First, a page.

As L&D leaders, JD suggests, we need to let go of the concept that we must cram in all of the knowledge we can in the front-end because we may never get them back again. Instead, he suggests we leverage messaging, experience, online content and events for a structured experience. This structured experience should be augmented by reinforcement, measuring behaviors and leveraging motivation such as gamification and the right kind of feedback. Finally, it must include a community of knowledge that provides access to business results, knowledge growth and shared experience that our new and old people can access when they need it.
Framing our onboarding around these two concepts will enable you to address three critical onboarding principles: prioritize, adapt and stretch.
We have to let go of the fire hose approach and focus on the critical concepts only. Provide access to shared knowledge on the first day. Make sure your new people know where to ask questions and how to find the information they need. Leverage microlearning to fit training into the workflow and break down content into targeted, useful information that will help them do their jobs.
Whether this is their first job or their fifth, allow people to work at their own pace. Leverage adaptive learning to target experience and allow employees to accelerate their own learning. Provide frontline managers with the kind of useful coaching data they need. The kind that allows managers to know both what and who to keep their eye on.
Establish the feel of continuous learning from day 1 and reinforce knowledge over time. Consider introducing behavior observation to ensure knowledge is being both transferred and utilized.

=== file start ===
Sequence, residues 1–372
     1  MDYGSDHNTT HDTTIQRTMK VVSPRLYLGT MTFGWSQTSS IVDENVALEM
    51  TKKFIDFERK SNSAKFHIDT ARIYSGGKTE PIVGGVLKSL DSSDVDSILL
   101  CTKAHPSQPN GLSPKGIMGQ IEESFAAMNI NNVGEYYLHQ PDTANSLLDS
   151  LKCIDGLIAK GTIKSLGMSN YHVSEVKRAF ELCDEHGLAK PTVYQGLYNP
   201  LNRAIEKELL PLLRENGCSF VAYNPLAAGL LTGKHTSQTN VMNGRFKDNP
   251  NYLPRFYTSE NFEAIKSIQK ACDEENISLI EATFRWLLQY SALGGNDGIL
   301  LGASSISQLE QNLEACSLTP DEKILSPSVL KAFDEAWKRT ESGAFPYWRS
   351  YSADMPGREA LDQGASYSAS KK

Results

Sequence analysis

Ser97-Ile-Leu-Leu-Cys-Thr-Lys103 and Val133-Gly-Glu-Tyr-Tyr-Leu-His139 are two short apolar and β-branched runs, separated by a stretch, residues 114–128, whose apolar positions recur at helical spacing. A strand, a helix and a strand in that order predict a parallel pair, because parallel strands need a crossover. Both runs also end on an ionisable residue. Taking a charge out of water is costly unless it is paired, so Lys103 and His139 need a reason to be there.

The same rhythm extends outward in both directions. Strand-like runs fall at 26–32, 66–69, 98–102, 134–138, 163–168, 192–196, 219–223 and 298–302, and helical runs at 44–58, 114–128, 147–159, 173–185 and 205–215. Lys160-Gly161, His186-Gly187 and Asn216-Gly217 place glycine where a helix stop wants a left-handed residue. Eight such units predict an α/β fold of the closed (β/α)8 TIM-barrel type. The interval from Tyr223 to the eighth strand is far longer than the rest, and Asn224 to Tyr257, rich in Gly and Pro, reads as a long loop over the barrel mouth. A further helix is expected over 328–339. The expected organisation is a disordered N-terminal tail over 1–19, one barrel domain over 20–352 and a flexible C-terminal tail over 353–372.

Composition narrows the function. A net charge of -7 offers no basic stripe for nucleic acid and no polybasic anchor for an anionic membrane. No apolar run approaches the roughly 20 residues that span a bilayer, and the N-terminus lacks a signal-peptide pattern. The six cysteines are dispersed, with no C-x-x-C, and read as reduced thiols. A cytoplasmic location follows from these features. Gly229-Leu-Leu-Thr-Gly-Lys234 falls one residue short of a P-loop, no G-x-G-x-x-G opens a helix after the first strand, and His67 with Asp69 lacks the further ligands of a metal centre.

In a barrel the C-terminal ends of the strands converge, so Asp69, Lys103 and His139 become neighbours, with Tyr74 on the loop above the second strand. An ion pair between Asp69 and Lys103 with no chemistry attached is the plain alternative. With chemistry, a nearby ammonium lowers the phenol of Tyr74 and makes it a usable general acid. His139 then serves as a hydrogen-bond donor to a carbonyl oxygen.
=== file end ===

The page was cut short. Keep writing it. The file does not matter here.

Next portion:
Onboarding is often a process that involves many departments and many different people so we don’t always enjoy total control. JD suggests keeping a few things in mind when reimagining your onboarding. First, have a clear concept of how logistics will be handled, the necessary paperwork and other information they may need access to. Second, he says, nothing stops the onboarding process from being enjoyable more than not having everything they need. Ensure uniforms, IT, human resources are all ready to go. This does more than ensure a smooth process; it will also make your people feel respected. They’ll know you cared enough to ensure they had everything they needed to do the job.
One thing to avoid, the culture slides and the accompanying test. You know, the ones that give the company history and tell rather than show people what your company is all about. This information does not have to be frontloaded. It is something far better learned over time and experienced.
Where to begin
What should you do to transition your onboarding program to the beginning of a continual learning process? Start by exploring continuous learning principles. Provide access to shared knowledge and define basic capabilities or what your new people absolutely have to know. Focus on the human side and build support structures for the individual. Leverage gamification and other motivations alongside right fit technology.
Keep in mind that people don’t go to work to learn, they go to work to do a job. Establishing a continual learning environment from that first onboarding experience will put your people to work more quickly and give them what they need to continue to do their job, and do it well.
Want more onboarding resources? Visit our resource hub.